Posted in commentary, politics, pop culture


When I was 19, I stood at the crypt of Dr. Martin Luther King, Jr., and wondered if his dream would ever come true. Growing up in the midwest in a county that is still, as of the last census, 98% white, I was, up until that moment, unaware of the importance of Dr. King’s dream.

Walking the halls of The King Center, I saw the images and heard the speeches of a man who gave his life to the cause, the dream, that people someday would be judged by the content of their character and not the color of their skin… which is a big leap for someone who grew up where nearly every person I knew or met was the same shade of white. I was overwhelmed, to put it mildly, to think I was part of Dr. King’s dream and spent the next few years endeavoring to understand why the dream was important to me.

I remember thinking, all those years ago, that I would never see a non-white President in my lifetime. Never. I’d seen too much injustice, heard people use racial epithets about people they didn’t know, just because their skin was a different color. I could never understand why people would choose to act that way, but they did… many because they learned to act that way at home or in their group of friends, and the hate and ignorance was passed down as easily and earnestly at times as someone passes on their faith.

I’ve been guilty of prejudice and it happens from both sides of the fence. Maybe my prejudices aren’t color-coded, but I still struggle with seeing everybody from every walk of life on the same playing field, let alone wearing the same uniform. At least I have come to the point in my life where I am willing to acknowledge my weaknesses and seek knowledge so I can be informed and make changes inside myself so I am part of the solution and not the problem.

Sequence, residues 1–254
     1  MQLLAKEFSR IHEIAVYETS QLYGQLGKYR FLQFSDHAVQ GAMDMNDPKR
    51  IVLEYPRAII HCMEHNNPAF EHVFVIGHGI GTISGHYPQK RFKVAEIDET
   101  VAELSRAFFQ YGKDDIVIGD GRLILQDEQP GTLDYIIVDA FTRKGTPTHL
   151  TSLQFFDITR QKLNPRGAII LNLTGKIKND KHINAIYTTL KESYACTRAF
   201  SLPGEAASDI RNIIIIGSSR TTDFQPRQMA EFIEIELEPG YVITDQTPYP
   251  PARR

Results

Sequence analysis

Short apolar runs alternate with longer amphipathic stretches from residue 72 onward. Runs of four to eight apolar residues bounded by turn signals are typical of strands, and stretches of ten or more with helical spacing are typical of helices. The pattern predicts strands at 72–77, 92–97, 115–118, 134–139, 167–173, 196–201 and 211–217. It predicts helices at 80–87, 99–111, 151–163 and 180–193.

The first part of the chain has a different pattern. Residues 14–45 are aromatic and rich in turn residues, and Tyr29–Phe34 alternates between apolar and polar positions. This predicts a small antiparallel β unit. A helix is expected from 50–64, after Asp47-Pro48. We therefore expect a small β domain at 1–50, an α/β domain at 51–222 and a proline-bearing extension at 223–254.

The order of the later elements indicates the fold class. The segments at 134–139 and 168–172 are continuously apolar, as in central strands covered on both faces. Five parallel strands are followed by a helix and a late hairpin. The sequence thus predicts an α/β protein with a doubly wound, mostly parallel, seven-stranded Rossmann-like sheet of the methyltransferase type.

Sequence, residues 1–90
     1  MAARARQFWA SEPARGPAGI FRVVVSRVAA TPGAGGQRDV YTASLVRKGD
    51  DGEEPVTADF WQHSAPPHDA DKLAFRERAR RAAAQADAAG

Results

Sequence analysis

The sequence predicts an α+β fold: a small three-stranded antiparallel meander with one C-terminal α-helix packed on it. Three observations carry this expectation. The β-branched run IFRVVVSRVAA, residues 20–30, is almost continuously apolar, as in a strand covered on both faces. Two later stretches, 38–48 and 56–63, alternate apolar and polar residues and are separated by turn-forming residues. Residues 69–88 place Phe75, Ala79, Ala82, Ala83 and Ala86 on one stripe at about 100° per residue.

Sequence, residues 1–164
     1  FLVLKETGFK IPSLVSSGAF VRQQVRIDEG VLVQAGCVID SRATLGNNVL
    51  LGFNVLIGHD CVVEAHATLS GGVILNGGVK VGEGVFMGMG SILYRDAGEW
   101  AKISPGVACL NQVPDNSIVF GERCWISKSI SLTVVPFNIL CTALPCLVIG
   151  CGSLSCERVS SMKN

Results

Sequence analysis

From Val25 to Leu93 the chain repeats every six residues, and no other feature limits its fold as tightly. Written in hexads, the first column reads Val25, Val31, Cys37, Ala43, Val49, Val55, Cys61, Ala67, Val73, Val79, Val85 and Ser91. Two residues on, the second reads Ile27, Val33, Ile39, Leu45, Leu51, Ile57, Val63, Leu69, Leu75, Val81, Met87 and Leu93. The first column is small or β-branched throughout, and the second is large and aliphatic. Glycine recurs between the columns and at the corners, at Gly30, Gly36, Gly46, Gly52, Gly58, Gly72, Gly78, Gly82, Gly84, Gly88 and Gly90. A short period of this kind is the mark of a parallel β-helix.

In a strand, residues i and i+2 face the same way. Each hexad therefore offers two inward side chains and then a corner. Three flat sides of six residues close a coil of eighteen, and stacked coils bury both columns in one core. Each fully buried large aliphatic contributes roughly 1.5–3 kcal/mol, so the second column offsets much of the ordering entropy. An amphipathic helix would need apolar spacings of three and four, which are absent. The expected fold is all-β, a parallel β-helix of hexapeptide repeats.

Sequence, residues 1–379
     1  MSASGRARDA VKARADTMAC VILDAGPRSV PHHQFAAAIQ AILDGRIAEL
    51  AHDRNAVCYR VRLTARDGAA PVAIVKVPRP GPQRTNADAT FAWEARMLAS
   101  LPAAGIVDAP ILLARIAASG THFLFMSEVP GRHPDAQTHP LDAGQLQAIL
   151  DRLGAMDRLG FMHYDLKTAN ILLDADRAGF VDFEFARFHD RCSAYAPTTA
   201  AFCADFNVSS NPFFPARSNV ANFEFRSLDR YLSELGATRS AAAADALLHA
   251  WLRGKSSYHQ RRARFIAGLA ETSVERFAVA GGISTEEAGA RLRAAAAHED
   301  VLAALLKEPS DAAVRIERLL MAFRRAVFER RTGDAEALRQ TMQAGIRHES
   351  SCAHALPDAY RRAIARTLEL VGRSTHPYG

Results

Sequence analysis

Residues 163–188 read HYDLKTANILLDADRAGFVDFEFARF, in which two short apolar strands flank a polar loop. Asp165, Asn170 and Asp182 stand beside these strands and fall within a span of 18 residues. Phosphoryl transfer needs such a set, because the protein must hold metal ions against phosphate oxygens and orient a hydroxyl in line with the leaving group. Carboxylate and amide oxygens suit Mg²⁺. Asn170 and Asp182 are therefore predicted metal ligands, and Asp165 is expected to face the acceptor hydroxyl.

When I heard Barack Obama announced as the President-Elect of the United States, I was so overwhelmed with emotion, I cried. I watched as a crowd of thousands of people of all shades, shapes, and sizes cheered and wept together.

Regardless of political affiliations, I hope people can look back one day and see the significance of Tuesday night. I can pinpoint moments in my life where I remember where I was in crisp detail when history was made. The Challenger Explosion. The fall of the Berlin Wall. So many more.

Now I can add Tuesday night to the list, the night a giant leap was taken toward making the dream of unity come true.


I seek to live, breathe & work creatively. Late bloomer. I survived breast cancer and so much more. I will meet each challenge w/determination, badassery & sass!


  1. I cried, too. I felt overwhelming joy that night. Critics will tell you he was elected on his race, but that’s not true. He was elected on merit…and he happens to be black.

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